I used to love planes! I was absolutely fascinated by these monstrous machines taking off into the clouds thanks to human engineering genius. When the Airbus A380 was being built I collected newspaper articles about the construction and stuck a photograph of the plane on my fridge.
I also used to love hanging out at airports. When friends went on holiday I offered to meet up for a drink at the terminal and wave them goodbye because it meant a chance to soak in the shiny and cosmopolitan jet-setting atmosphere and watch the planes take off.
I used to love air travel since I had first boarded a plane to Buenos Aires. I was 20 years old and the trip was the most daring thing I’d ever done in my life. Flying was still something less of the ordinary and I felt extremely privileged.
Ten years later the novelty has worn off. Year after year I’ve spent more time at airports. Planes have taken me to exotic places, to job interviews and business meetings, to my partner or home for Christmas. What used to be a luxury has become a need.
And I am not alone. Most people nowadays wouldn’t even think about taking the train when planning their holidays. Thanks to budget airlines a lot more of us can now afford to travel across Europe to go to a birthday party in Munich or see a friend in Istanbul. This is great. Except that the consequences are horrendous.
There is no way around the fact that flights are bad news for the environment. First of all, planes are worse than most other forms of transport in terms of the impact of greenhouse gases per passenger mile. Flying also allows us to travel a far greater number of miles than we otherwise could. These two factors combined are the reasons why individual trips by air can have a remarkably large carbon footprint.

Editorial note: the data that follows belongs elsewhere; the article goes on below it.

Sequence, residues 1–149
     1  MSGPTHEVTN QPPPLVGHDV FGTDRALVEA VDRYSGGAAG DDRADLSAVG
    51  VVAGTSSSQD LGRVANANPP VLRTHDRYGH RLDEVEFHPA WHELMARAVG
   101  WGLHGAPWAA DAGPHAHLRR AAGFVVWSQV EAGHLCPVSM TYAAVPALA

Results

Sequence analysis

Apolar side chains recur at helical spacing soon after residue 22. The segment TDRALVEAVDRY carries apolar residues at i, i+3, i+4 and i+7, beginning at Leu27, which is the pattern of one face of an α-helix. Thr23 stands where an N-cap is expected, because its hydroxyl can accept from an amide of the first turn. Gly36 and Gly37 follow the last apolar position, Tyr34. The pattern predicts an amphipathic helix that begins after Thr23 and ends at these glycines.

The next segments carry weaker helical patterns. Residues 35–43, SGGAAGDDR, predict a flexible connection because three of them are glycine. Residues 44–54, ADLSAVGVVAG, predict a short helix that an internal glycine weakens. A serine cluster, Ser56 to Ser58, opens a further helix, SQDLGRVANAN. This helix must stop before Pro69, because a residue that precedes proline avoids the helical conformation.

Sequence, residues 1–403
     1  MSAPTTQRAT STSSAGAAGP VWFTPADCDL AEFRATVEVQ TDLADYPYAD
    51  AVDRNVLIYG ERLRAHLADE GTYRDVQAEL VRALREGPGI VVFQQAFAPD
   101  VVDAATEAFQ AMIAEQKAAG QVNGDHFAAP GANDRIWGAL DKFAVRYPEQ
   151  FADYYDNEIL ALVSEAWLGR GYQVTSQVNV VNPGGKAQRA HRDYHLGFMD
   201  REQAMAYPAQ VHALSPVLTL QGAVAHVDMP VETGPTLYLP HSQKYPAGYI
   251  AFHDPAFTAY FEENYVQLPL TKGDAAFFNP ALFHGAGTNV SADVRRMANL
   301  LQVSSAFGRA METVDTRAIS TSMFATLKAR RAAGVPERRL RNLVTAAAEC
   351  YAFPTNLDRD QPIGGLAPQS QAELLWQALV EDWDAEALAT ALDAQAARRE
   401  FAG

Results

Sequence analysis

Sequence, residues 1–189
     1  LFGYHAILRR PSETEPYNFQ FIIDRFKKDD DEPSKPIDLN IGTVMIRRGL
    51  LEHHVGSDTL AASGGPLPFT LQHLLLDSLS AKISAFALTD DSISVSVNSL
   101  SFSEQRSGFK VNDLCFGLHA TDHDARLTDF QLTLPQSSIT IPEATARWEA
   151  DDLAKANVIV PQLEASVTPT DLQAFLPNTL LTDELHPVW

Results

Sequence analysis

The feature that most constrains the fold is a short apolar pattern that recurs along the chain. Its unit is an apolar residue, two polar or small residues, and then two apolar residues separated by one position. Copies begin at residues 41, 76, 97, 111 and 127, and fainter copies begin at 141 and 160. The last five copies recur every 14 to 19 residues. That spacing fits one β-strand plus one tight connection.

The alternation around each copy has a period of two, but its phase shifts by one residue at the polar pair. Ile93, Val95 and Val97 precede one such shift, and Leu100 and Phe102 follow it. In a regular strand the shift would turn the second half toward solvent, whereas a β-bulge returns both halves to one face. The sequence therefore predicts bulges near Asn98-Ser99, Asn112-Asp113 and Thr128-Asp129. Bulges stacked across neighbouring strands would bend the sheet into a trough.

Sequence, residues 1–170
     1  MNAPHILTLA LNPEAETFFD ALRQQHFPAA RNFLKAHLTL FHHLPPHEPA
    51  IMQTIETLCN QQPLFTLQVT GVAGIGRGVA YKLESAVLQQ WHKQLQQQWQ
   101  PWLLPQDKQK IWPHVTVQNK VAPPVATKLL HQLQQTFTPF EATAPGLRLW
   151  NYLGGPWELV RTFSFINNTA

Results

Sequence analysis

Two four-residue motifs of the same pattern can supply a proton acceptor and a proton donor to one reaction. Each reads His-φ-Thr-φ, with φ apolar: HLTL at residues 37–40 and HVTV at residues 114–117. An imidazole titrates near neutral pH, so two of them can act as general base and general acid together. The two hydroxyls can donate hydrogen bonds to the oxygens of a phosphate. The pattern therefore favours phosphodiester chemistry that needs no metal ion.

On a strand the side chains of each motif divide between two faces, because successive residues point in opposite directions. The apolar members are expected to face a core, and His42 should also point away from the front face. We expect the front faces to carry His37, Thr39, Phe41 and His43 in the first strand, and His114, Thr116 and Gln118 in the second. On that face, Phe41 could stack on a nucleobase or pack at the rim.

A friend of mine recently wrote in an email that she felt guilty for traveling by plane to Mallorca to see her parents. In Frankfurt I spoke to a man who was very conscious of the impact he as an individual made on the environment. He would never board a plane, no matter what. I found this attitude very inspiring.
My personal carbon footprint is something of an ecological nightmare: 14 flights from January to December 2012 alone! I live abroad, fair enough, and my family and many of my friends are based in Germany. But somehow that seems a bit of a weak excuse when thinking about the long term impact of my individual choices.
According to WWF UK, a passenger on a flight to Paris is responsible for ten times more CO2 emissions than a person using the Eurostar. I actually wanted to go back home by train this year for Christmas. But then I got confused by the Eurostar’s online booking system and opted for easyjet instead. (Again, very weak excuse!)
Living in London has made me a bit more aware of the extent of air travel that is taking place across Europe. It is only during the night that no planes can be seen in the sky. Apart from that I hear them all the time starting from or flying to one of the city’s five airports. When I went to Heathrow for the first time I was genuinely shocked because of its enormous dimensions and the amount of people traveling to and from there every day. Where are they all going, and why?
Finally, I’ve decided to reduce my ecological footprint and will try not to fly in 2013. This will be difficult when visiting back home but it’s not impossible. And for going on holidays it’s actually quite good that I live in another country: there are lots of beautiful places in the UK that I haven’t seen yet.